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Fluoridation Altercation

Local fluoride opponents bare their teeth.

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ALON BRIK | DREAMSTIME.COM
  • Alon Brik | Dreamstime.com

For decades, municipalities across the country have added fluoride to public water as a cost-effective way of reducing tooth decay. According to the American Dental Association, more than 70 percent of Americans who are served by public water systems receive optimally fluoridated water.

Memphis Light, Gas & Water (MLGW) began fluoridating Memphis' water in 1970 after the city council passed an ordinance mandating MLGW add 0.7-1.2 parts per million (ppm) of fluoride to the city's drinking water.

Despite its longstanding presence in the Bluff City, water fluoridation is not embraced by all Memphians. Fluoride's supposed links to adverse health effects such as cancer and dental fluorosis, even low IQ levels, have opponents of water fluoridation, such as the Mid-South Fluoride Free Coalition (MSFFC), up in arms.

"Any amount of ingested fluoride isn't good," said Maria Phelps, co-founder of MSFFC. "It's never been approved by the [Food and Drug Administration] for ingestion. It's sold to our water companies as a product. MLGW is misleading the public. We're paying tax dollars for this toxin to be added to our water."

On May 21st, MLGW met with the Memphis City Council, requesting to renew its contract with the water-treatment company Pencco, Inc. and to continue fluoridating Memphis water. The city council approved the contract, which will allow MLGW to purchase $609,000 worth of fluorosilicic acid over the next year.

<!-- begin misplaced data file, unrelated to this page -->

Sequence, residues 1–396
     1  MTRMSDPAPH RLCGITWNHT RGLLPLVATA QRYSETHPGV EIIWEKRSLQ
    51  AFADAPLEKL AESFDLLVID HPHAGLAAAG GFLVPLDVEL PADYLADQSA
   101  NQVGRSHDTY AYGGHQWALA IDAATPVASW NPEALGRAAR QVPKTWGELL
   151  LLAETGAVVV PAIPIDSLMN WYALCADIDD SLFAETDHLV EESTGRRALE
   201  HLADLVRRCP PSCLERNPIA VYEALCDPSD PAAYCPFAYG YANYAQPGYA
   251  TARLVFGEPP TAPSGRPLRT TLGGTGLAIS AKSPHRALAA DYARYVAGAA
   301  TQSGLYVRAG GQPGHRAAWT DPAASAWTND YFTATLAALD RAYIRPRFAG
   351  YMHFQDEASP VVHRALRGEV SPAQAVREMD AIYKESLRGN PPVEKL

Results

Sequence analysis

The only city council member to oppose the renewal was Janis Fullilove. She said fluoridating the city's public water is extremely hazardous to Memphians.

"If you take a hard look at it, it really isn't good for us. It causes all types of physical abnormalities," Fullilove said. "I'm sure this won't be the last time we hear about this. Once our people, here in the city and county, get enough information that they too may agree with me and the [MSFFC], we can have a referendum on the issue [and] people can make an informative vote on it."

Phelps said she and her family have felt the negative effects of water fluoridation. After conducting in-depth research on the topic, she purchased a fluorometer and began to test the city's fluoride water levels. Phelps said she discovered MLGW was "lying to the public on the amount of fluoride they're releasing into the water."

"When you call MLGW, they say they're only putting in 0.7 [ppm], but my fluoride meter reveals 1.7 on a regular basis," Phelps said. "The lowest I've ever seen is 1.4 [ppm]. The highest is 1.9 [ppm] in the city."

MLGW president Jerry Collins challenges the accuracy of Phelps' testing results.

"Any instrument that you use for measuring fluoride must be a calibrated instrument used by a certified laboratory. I wouldn't trust any numbers unless they come from a certified lab," Collins said. "There have always been people against adding fluoride to drinking water since the practice began. MLGW is confident that the concentration we keep in the drinking water is in no way harmful to anyone's health."

Dr. Leslie Gordon, head of the Shelby County Health Department's dental program, agrees that fluoridation of water is extremely beneficial for citizens, especially children.

"The most common chronic disease of children is tooth decay," Gordon said. "As a result of fluoridation of water, there's been a 20 to 40 percent decrease in dental caries, and this is not just in Memphis, but in most cities where water fluoridation has been mandated. There's no doubt about the benefits."

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